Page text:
To Captain G. A. Graham, of Dursley, Gloucestershire, we owe considerable gratitude for the trouble he has taken to resuscitate the Irish wolfhound. Enthusiast though he be, he is not like so many other enthusiasts, led away to say things he cannot prove, or, indeed, to lay claim to his hounds being descended in a direct line from those animals which may have or may not have killed the last wolf near Dingle over 200 years ago. The gallant gentleman acknowledges that the breed in its original integrity has disappeared, but he believed, when first writing on the subject twenty years since, that so much of the true strain remained that, with the aid of the modern deerhound, and with judicious management, the breed in its "pristine grandeur" could be recovered.

The difficulty, to my mind, would be to exactly define the original Irish wolfhound. The popular idea - and this is not always correct - was of a big powerful dog, with a wire-haired or rough coat, built on the lines of a deerhound, but altogether a heavier and stronger animal. What height a full-grown specimen should be there is a diversity of opinion. Old writers have said he was as big as a donkey; others that he stood from 36 inches to 40 inches at the shoulders. In the museum of the Royal Dublin Society there are two skulls of wolfhounds dug out of barrows by the late Dr. Wilde. The dimensions of them have been very useful to those who believed in the bigness of the wolfhound. Unfortunately for the side of the latter, these skulls, when carefully measured and compared with others of living dogs, deerhounds, wolfhounds, and greyhounds, could not have been possessed by animals more than 29 inches high at the shoulders.

However, it is not my province here to say what kind of an animal the historical Irish deerhound was, whether there were two, three, or four varieties, or whether any dog that would tackle and hunt a wolf was from the moment he did so called a wolfhound. This would only be similar to that which occurs in our own days; for have we not the ordinary foxhound called a staghound or a buck-hound when he is entered to hunt the deer?

Mr. G. W. Hickman, of Birmingham, has written most exhaustively and carefully on the subject on one side; so have Mr. H. Richardson, Captain G. A. Graham, Mr. R. D. O'Brien, Limerick, and others on another side. I have to deal with "Modern Dogs," and so the wolfhound, as he is now resuscitated, must be described by me. There is no doubt that by careful crossing between certain dogs obtained from Ireland about 1841 with the deer-hound and the Great Dane, an animal of a certain distinctive type has been obtained, which, in its turn, breeds perhaps quite as truly, up to a certain standard, as most other canine varieties. Captain G. A. Graham, who must be said to be the chief supporter of the modern variety, says that his own strain "he can trace back to those had by Richardson in 1841-42, though not beyond 1862 from father to son. He says the breed had been kept up by Mr. Baker, of Badylohm Castle, and Sir John Power, of Kilfane, from 1840 to 1865, or thereabouts. He further says that on good grounds it was believed that "these dogs were descended from Hamilton Rowan's so called, last of his race, Bran by name, a fine dark grey, rough hound, that was his constant companion." Captain G. A. Graham had a grandson of Kilfane Oscar, a dog he obtained from Sir Ralph Payne-Gallwey, and from this he traces the purity of the blood as far back as it will go. He-advocated a cross with the Great Dane and deer-hound, and latterly, on the popularisation of the Borzoi, or Russian wolfhound, has suggested a third cross with that variety.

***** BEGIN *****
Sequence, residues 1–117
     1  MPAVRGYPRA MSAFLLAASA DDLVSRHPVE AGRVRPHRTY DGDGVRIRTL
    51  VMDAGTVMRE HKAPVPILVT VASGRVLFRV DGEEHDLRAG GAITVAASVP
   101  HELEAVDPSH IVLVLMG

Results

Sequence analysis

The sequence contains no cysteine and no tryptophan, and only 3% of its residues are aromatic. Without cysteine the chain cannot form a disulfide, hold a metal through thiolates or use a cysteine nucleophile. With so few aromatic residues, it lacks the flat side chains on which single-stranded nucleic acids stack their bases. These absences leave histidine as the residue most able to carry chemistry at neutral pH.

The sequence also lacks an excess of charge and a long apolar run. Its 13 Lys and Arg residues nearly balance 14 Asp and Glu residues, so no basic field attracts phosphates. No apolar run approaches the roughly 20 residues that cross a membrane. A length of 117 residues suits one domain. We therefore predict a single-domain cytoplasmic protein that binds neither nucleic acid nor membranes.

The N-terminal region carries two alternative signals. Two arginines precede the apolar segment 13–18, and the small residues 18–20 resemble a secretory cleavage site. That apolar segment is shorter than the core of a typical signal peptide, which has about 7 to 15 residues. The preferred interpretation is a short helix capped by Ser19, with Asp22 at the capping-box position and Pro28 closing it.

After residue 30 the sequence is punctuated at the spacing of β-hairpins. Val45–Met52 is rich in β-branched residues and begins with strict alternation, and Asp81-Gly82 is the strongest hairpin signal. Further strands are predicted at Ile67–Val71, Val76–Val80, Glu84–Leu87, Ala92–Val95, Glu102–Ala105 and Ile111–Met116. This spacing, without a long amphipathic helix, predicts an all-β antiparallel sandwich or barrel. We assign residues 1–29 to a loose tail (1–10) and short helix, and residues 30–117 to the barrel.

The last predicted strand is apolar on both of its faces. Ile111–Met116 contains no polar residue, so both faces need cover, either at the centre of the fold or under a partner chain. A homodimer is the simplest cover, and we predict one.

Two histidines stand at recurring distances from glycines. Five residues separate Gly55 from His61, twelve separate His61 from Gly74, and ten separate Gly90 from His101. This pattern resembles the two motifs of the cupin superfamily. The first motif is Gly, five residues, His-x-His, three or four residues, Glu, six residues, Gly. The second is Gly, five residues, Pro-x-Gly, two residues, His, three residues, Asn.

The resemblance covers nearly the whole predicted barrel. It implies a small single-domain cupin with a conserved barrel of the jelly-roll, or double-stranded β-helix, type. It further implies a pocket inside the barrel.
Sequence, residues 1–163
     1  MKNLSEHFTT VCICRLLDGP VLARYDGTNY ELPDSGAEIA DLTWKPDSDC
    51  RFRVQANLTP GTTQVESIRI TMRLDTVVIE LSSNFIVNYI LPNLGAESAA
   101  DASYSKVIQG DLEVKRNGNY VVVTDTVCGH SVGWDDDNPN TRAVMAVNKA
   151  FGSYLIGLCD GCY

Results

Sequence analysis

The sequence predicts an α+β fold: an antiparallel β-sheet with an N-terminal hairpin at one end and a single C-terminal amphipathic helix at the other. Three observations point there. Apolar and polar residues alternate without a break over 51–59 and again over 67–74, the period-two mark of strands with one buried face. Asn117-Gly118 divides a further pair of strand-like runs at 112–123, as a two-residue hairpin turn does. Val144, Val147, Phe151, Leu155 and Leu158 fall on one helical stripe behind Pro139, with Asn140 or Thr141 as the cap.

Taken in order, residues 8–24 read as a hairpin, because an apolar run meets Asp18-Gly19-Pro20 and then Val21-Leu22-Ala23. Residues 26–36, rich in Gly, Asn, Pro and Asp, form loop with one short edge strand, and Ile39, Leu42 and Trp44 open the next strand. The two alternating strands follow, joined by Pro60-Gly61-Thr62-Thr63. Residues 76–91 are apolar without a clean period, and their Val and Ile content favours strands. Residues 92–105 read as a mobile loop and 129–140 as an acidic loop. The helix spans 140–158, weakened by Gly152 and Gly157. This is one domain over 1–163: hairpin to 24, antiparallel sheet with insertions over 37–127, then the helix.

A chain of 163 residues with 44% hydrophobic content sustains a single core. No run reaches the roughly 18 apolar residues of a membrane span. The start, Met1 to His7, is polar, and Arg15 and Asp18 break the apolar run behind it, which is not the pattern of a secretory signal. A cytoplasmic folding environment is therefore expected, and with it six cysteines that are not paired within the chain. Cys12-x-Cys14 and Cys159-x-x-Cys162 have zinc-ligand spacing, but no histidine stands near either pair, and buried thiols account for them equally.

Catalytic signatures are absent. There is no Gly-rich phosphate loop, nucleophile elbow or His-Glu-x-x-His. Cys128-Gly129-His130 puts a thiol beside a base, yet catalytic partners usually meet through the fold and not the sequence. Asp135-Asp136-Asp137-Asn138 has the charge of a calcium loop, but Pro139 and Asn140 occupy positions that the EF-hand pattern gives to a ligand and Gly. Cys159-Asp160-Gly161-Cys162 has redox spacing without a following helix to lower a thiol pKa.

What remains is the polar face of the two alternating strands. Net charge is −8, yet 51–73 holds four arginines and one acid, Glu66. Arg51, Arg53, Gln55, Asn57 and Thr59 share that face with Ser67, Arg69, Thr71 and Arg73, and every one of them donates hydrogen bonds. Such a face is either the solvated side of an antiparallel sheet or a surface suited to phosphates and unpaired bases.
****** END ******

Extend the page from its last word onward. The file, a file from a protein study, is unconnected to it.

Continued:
Some of the Irish wolfhounds seen at modern exhibitions are extremely fine animals, docile and quiet as they recline on their benches, and by no means quarrelsome, evidently quite contented with their lot. Indeed, they possess an excellent reputation as companions, especially such as are not the first cross between the two modern varieties already alluded to. I think it was at Brighton show in 1895, that Mr. W. K. Angelo showed a particularly fine "Irish wolfhound," Goth II., who stood 34 inches at the shoulders, and weighed 1341b. at eighteen months old. An extremely handsome hound this, which, on inquiry, I found had the Borzoi Korotai for his grandsire on one side, and besides he included deerhound and Irish wolfhound blood. In addition his grandsire, on his dam's side, was an imported "Siberian wolf dog or sheep dog." This hound, and others of the same strain in Mr. Angelo's kennels, have been and are used successfully in Scotland for coursing deer.

Never having been the fortunate possessor of any Irish wolfhounds, and being desirous of obtaining the best information about them as companions, I wrote to a friend who at times had kept two or three of them, and who would gladly give me his opinion. That friend says the Irish wolfhound is very good with children, is the best domestic pet of any big dog, and none more useful in a quiet country place. He never had a case of anyone being bitten by his Irish dogs, though, from their size and appearance, they are a great deterrent to bad characters and the tramping fraternity generally. Some of the strains that contain the Great Dane first cross are not quite of the same disposition as the others, being not nearly so dignified in their demeanour, and inclined to steal whenever an opportunity is afforded them so to do. They are exuberantly affectionate, seldom at rest a moment, but still not quarrelsome. The finer strains are generally more lethargic, stately, and sedate; strong in their attachments to an individual, and extremely quiet and good-tempered with other dogs; the latter often approaching to softness. Still, when roused and angry, they can give a good account of themselves, and punish their enemy severely. In no degree are they quarrelsome for they are quite as reliable in temper as the modern deerhound.